Overcoming Anxiety With the 5-4-3-2-1 Method
Anxiety is another type of stressor that many people and leaders face.
In fact, anxiety disorders are the most common mental illness in the United States, affecting over 40 million adults.
Anxiety interferes with the brain’s decision-making operations, but not for the reasons you might think. It appears that people at risk for anxiety have lower activity in a region of the brain responsible for complex mental operations, according to the results of a study at Duke University.
These research findings also showed that people whose brains exhibit a high response to threat and a lower response to reward are more at risk of developing symptoms of anxiety and depression over time. The individual configuration of the brain has a direct impact on one’s propensity to incur anxiety.
Hence, signs of anxiety and the stresses associated with anxiety impact the brain’s decision-making functionality. However, these signs may also be an indicator of a reduced activity level occurring in the brain’s dorsolateral prefrontal cortex, the brain’s executive control center which assists in focusing attention and planning complex actions.
When anxiety strikes, even at moderate or low levels, it can seem impossible to stop the downward spirals of worries, fears, and self-doubt. In her book How to Be Yourself: Quiet Your Inner Critic and Rise Above Social Anxiety, Boston University clinical psychologist Ellen Hendriksen shares a mindfulness hack that can help you stay in the moment when anxiety asserts itself.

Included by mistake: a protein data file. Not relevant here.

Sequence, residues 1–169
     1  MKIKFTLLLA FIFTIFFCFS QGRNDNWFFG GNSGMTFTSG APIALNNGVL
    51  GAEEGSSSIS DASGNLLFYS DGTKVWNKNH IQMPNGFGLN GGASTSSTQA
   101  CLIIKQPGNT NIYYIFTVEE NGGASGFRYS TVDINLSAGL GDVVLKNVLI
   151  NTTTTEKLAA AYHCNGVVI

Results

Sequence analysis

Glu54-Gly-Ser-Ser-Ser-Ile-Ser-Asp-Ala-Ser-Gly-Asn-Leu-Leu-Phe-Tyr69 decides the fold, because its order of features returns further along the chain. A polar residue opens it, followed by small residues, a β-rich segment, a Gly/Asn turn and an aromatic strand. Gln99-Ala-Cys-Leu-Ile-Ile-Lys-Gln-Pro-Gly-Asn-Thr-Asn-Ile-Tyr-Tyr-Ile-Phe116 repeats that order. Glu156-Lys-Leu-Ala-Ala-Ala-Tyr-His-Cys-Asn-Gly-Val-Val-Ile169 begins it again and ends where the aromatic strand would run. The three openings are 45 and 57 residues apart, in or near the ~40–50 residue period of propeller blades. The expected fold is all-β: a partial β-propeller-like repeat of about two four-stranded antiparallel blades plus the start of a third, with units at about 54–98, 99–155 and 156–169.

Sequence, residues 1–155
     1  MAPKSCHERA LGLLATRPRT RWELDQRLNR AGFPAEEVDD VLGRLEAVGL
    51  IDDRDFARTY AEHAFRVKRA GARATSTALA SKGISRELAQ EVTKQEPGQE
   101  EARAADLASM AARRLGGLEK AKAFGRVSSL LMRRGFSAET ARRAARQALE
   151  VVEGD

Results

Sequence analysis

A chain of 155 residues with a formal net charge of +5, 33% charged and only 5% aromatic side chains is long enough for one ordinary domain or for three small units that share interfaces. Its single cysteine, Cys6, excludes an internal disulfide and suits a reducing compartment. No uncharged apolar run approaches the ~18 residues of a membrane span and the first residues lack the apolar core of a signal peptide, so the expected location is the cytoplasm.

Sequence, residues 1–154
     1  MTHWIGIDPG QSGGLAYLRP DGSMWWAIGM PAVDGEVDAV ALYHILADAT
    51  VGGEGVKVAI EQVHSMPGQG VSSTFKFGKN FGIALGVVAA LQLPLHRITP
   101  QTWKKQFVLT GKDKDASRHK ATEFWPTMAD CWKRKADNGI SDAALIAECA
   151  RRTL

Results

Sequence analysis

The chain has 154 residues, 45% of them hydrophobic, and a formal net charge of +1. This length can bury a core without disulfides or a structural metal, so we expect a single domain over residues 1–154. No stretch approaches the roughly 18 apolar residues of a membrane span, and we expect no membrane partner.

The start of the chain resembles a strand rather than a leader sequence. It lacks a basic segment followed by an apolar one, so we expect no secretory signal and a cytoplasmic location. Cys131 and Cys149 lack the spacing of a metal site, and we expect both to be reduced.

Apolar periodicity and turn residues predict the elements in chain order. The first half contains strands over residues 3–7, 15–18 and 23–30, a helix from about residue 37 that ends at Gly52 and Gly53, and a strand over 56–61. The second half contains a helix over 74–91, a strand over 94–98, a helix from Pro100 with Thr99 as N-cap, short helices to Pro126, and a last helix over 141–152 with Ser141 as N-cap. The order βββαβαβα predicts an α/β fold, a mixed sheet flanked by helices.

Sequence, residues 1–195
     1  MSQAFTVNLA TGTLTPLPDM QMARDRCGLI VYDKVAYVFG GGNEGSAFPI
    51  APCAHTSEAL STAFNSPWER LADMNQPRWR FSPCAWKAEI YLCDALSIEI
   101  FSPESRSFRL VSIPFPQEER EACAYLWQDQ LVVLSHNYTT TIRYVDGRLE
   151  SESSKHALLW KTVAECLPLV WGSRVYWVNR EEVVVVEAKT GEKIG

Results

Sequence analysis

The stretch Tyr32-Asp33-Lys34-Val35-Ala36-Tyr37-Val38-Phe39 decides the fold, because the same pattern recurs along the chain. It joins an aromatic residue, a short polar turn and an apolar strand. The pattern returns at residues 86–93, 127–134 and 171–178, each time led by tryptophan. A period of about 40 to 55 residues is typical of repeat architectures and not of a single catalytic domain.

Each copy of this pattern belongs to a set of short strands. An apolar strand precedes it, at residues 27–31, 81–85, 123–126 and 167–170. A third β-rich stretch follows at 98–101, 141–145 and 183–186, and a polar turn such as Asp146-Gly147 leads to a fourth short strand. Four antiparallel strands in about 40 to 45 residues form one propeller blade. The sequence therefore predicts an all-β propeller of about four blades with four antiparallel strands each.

Called the 5-4-3-2-1 method, this mindfulness technique can be used any time you find yourself ruminating over particular worries or feeling anxiously overwhelmed. The technique incorporates all five senses in order to ground yourself in the present moment by having you name:
- Five things you can see.
- Four things you can hear.
- Three things you can feel via the sense of touch.
- Two things you can smell.
- One thing you can taste.
The relationship between the quantities and each particular sense does not matter. It is only important that all five senses are incorporated. So feel free to mix up the above example if you want (i.e. four things you can feel and three things you can hear). Again, the most important thing is that you scroll through all five senses, using your powers of observation to get the brain to focus on 15 specific things rather than the spinning thoughts concerning your worries or concerns, fears, or anxieties.
Once you are firmly rooted in the present moment through this technique you will be in a better position to deal more thoughtfully with those worries and concerns.
For the past few weeks I have been sharing with readers how stress leads to poor thinking and bad decisions, and shown various ways to reduce stress in order to create better decisions, thinking, and outcomes,
If you have missed these earlier posts, please see:
In the series of posts, starting next week, I will share with you some facts and myths about our brains.
This article is partially excerpted from my award-winning book Better Decisions Better Thinking Better Outcomes: How to go from Mind Full to Mindful Leadership, available on Amazon in both paperback and Kindle formats. The book is the recipient of a Silver Award from the Nonfiction Authors Association for bringing “a comprehensive plan of action for improving life through recognizing decision-making patterns that don’t serve us well, don’t enrich our lives, and don’t bring us to our goals and dreams.”